For two months I’ve been living with monks.
No longer dizzy from the circle of worry,
I see truth in the order of things,
eat for the body, not the senses. Still
I crave the sky in my mouth, feel
Kerouac’s fabulous roman candles explode
like spiders beneath my skin, wake
yawning for coffee, daydream
of curry and spice, make poems in my head
about the wild dishevelment of being,
that fierce blue drowning.
Of the ten defilements, passion is the one
I can’t shake. In a month, I’ll step out
of the forest, carry my longing home again.
Sharon Venezio received and MA in creative writing from San Francisco State University. Her first full-length collection of poems, The Silence of Doorways, was released by Moon Tide Press in March 2013. Her poems have appeared in Bellevue Literary Review, Chaparral, Midway Journal, Reed, Transfer, and elsewhere. She is co-director of the Valley Contemporary Poets and works as a behavior analyst in Los Angeles. You can purchase her book here: http://www.sharonvenezio.com/books.php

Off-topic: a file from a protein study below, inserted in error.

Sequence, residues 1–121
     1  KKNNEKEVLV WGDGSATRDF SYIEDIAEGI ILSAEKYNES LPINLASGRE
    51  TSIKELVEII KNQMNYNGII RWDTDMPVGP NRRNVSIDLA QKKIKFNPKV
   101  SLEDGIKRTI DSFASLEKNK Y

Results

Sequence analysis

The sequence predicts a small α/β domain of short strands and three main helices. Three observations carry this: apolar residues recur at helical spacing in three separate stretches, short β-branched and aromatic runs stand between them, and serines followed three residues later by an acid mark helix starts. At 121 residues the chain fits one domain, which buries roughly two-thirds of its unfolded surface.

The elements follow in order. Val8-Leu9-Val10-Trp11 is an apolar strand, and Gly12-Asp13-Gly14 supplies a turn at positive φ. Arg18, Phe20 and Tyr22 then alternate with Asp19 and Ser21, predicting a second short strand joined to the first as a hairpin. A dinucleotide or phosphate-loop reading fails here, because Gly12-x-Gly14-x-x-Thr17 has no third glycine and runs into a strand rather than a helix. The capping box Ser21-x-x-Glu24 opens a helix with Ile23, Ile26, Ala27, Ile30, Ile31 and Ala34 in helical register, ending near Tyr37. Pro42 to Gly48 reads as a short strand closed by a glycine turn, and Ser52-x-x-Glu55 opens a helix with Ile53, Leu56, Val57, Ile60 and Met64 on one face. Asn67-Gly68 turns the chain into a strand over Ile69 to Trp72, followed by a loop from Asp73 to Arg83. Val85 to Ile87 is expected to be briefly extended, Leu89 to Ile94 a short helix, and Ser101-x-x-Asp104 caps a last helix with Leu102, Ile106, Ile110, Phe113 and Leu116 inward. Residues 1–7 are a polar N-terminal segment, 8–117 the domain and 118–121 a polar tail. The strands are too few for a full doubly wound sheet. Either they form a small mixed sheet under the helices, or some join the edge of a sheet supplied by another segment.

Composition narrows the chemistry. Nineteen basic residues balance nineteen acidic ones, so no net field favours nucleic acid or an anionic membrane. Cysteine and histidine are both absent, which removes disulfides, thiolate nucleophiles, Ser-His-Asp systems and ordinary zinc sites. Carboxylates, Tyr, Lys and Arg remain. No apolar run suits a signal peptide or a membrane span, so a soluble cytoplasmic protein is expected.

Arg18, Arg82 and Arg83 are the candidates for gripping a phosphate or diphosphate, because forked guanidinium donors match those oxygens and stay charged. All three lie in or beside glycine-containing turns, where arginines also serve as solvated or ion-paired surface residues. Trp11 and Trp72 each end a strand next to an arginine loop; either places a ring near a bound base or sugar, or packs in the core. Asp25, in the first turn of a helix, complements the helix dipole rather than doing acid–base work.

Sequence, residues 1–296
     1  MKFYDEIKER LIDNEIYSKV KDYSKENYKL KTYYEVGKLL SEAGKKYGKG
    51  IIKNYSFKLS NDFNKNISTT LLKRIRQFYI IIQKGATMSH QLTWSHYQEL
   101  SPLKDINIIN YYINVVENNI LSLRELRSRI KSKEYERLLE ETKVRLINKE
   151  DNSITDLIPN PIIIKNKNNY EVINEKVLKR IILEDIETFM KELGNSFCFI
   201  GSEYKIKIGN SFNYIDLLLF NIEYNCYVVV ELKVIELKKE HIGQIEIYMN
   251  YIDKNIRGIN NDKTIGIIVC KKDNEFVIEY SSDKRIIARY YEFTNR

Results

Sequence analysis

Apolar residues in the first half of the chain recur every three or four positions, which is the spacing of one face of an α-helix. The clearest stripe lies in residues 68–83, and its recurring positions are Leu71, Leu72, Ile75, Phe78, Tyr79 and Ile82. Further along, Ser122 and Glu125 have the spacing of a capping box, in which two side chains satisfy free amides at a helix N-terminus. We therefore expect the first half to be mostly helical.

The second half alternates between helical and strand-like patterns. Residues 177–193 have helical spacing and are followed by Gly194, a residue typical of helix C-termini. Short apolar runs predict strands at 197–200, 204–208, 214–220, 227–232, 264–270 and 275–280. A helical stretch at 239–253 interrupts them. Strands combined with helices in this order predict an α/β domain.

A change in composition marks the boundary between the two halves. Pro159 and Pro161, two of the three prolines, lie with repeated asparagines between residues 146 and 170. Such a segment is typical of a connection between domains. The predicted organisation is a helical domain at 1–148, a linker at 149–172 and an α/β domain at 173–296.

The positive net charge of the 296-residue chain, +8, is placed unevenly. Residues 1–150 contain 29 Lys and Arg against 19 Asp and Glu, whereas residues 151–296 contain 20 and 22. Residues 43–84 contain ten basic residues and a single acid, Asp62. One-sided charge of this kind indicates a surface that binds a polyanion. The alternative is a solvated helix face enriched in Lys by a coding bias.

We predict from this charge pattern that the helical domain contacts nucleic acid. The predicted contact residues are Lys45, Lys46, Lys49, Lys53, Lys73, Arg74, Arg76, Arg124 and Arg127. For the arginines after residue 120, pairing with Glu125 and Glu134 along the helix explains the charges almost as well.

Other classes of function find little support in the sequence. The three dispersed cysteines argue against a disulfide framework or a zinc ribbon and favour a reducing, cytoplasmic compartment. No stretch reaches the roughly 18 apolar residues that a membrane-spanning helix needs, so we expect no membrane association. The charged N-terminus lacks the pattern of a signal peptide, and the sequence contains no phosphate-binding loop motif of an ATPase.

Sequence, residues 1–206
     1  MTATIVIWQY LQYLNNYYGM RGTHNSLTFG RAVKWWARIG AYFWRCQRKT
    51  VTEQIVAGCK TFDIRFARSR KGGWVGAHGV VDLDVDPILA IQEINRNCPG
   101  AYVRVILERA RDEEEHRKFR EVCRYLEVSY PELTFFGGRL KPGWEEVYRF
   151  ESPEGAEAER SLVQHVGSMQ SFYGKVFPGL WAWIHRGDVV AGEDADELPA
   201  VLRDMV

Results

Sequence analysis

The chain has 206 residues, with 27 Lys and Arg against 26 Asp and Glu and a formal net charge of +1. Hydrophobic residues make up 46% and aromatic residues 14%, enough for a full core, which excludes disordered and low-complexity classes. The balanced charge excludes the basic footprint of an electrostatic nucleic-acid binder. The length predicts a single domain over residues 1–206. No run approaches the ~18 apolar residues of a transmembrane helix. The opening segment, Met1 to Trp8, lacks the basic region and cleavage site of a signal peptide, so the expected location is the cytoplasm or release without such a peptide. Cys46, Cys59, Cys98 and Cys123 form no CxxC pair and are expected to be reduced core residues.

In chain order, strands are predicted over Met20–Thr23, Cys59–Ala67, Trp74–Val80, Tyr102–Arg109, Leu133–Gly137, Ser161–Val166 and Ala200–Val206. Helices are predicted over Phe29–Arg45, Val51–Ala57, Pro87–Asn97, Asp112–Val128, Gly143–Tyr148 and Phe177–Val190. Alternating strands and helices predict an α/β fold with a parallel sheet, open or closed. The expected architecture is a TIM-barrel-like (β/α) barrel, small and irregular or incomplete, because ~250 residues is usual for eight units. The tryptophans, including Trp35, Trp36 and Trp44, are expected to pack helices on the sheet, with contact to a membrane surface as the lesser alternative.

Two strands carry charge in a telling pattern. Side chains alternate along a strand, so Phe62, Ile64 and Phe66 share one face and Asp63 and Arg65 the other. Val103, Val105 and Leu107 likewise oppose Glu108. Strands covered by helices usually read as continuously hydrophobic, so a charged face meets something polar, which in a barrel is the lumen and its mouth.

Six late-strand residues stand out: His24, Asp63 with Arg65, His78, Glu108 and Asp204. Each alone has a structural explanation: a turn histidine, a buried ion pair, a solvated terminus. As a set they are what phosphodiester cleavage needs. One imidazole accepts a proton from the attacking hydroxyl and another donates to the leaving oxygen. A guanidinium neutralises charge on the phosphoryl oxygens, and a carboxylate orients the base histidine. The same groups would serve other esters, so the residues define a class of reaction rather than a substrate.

Posted in Poetry | Tagged "Disquietude", poem, Sharon Venezio | 3 Comments »
DID YOU WAVE AT THE TRAIN?
Did you wave at the train
with its shrill keen,
as it went its own creaking way
into the distance of money?
Did you wave at the train
with its grim, receding aria?
The men who work trains
come from the borderline –
Needles, Winslow, Modesto;
pine for the wild flesh of Alaska,
Seattle with its bracelet
of green islands,
anywhere tracks will take them.
They ride the rails
into the black tunnels
of broken imaginations.
Some will never look up
where you, cold-eyed as a bird,
speed through clouds
in the silent altitude of years,
miles above the engineer’s
aging ranchera music,
the burnt grids of track-worn cities,
skinny Vegas nudity of the tourist desert,
miles above a snaking, lovelorn train’s
Georgia Jones-Davis is the author of a chapbook, Blue Poodle (Finishing Line Press). Her poems have appeared in numerous publications including West Wind, The Bicycle Review, Nebo, Ascent Aspirations, Brevities and South Bank Poetry, London. New work will appear in the fall 2013 issue of Eclipse.
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a car roars outside the window, a
sudden passing marked only by sound, sudden
shower-like it comes, passes, goes, like a shower
falls out of hearing as a memory falls
and all one is left with is recollection, and
naked at that, because the ears hear naked
I, receive the signal, experience vibration, I
am a natural receiver for existence, I am
riding the waves which pass, reverberate, riding
on an invisible wavelength of experiences on
a plane making my path, my sense a